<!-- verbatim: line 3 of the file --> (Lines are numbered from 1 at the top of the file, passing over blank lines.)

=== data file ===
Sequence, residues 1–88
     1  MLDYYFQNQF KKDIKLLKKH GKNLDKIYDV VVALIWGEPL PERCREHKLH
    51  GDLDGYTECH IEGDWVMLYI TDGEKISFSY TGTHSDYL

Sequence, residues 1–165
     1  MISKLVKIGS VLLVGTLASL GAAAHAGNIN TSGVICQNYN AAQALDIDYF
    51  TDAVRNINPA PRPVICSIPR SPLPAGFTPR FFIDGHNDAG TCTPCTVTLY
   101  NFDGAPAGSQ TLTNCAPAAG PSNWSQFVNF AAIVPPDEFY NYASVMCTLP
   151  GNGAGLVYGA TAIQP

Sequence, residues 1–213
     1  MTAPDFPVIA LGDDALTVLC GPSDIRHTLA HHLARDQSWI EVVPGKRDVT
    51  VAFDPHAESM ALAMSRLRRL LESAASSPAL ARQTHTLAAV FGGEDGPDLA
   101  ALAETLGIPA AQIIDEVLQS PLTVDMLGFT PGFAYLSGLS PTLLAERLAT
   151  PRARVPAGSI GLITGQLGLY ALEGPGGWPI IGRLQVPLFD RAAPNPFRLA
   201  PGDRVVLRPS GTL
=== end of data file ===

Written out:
    51  GDLDGYTECH IEGDWVMLYI TDGEKISFSY TGTHSDYL